Skin Treatments are Changing with Light Therapy

 Skin Treatments are Changing with Light Therapy

Are you looking for an effective skin treatment that doesn’t use harsh chemicals, needles, or surgery? Light therapy offers a non-invasive and gentler approach to skin care. With the constant advances in dermatology, there are a variety of light therapies that can help with skin conditions like psoriasis, acne, and eczema, as well as providing cosmetic benefits, such as the reduction of wrinkles and brown spots and the removal of hair. Explore the many light therapy options to find the best treatment for your unique skin care needs.

LED Light Therapy

LED (light emitting diodes) began as NASA technology and were eventually found to help wound healing in space. This led to the discovery that LEDs could help with wound healing following cosmetic procedures. It is now used to treat a range of skin conditions from cancers to acne to signs of aging. Of the various light therapies, LED is the most gentle, with very little to no downtime, no pain, and practically no side effects. It’s also safe and effective for all skin types. Most LED treatments last 20-30 minutes, and you’ll need about 10 sessions spaced a week apart.

Because light can be broken down into wavelengths of different colors, LED light therapy is a broad term that encompasses red light therapy (or infrared) and blue light therapy. Let’s look at these different LED treatments to learn how they are used to treat a variety of skin conditions.

Red Light Therapy

Red light therapy (RLT) is used primarily as an anti-aging treatment and for issues with skin inflammation, like rosacea and psoriasis. It also helps stimulate hair growth in people who have alopecia. RLT is known to target the epidermis, the skin’s outer layer, to increase the body’s production of collagen, a protein that is responsible for your skin’s elasticity. With more collagen, the skin will plump up, smoothing out wrinkles and fine lines.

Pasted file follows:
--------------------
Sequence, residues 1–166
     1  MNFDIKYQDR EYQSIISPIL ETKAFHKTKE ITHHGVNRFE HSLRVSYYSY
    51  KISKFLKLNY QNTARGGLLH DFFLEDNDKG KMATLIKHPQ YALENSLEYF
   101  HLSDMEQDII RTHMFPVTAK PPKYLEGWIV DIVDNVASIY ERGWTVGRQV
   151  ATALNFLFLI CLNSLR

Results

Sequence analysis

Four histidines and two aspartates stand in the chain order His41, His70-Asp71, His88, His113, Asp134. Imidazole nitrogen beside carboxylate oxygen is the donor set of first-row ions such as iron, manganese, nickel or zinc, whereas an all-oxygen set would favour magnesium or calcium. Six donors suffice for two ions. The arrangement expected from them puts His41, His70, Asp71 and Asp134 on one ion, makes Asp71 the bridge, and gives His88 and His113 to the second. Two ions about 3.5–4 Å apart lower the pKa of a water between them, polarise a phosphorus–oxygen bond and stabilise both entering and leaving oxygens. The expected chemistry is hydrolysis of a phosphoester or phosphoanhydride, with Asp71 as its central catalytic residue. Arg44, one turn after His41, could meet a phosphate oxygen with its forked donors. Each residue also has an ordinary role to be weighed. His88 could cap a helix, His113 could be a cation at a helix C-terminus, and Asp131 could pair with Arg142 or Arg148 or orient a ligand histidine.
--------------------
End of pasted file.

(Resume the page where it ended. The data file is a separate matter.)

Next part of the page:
Blue Light Therapy

Blue light therapy is predominantly used to treat acne. It focuses on the oil glands in your skin, causing them to be less active, reducing oiliness in your skin and acne breakouts. Blue light therapy also kills acne-causing bacterial beneath your skin, eliminating the pimples and cysts common in acne breakouts. Blue light therapy can also be used in conjunction with a topical medication to treat actinic keratoses, rough patches of skin that could become cancerous. When used with a topical or oral medication, blue light therapy is known as “photodynamic therapy” and can treat precancerous spots while leaving healthy tissue unharmed.

Laser Treatments

Laser treatments have a huge range of applications, from treating smaller skin cancers to hair removal to smoothing out fine lines on the face. In the case of skin cancer, your doctor may opt for the less-invasive laser treatment if your lesion is small and superficial. The laser is able to focus solely on the cancerous growth without affecting the surrounding tissue and with limited bleeding, bruising, or scarring. In laser therapy’s cosmetic uses, it can reduce redness (as an effective laser treatment for rosacea), remove hair, and resurface the skin in both ablative (removing a layer of skin in order to, for instance, reduce acne scars) and non-ablative procedures.

Intense Pulsed Light (IPL)

IPL is a treatment that releases flashes of light of a variety of wavelengths, like the flash of a camera. It is best used to remove freckles and dark spots and for rosacea skin care, or other red or flushed areas on fair skin. Although often used to treat the same conditions as laser therapy, it is a gentler procedure than laser therapy with less downtime fewer side effects.

Ultraviolet Light

While ultraviolet light is the culprit for sun damage to the skin, it can be used safely in a medical setting through a controlled process to treat various skin conditions, like psoriasis, vitiligo, eczema, and a type of lymphoma that affects the skin. Ultraviolet light slows down the overgrowth of skin cells and seems to affect the body’s immune system, both of which help alleviate the symptoms of hard-to-treat skin diseases.

One common type of light therapy for vitiligo and psoriasis treatment is psoralen and ultraviolet light A (PUVA). This kind of light therapy couples the use of an oral or topical medication (psoralen) with light treatment to treat the patches of skin affected by psoriasis and vitiligo. Ultraviolet light procedures may be administered through hand-held devices such as lasers and combs or light cabinets that encompass the whole body or just a part of the body like your hands or feet.

Contact Vanguard Dermatology

Ready to find the best light therapy for your unique needs? Vanguard Dermatology in the greater New York City area offers a wide range of light therapies administered by experienced dermatologists. Schedule a consultation today!

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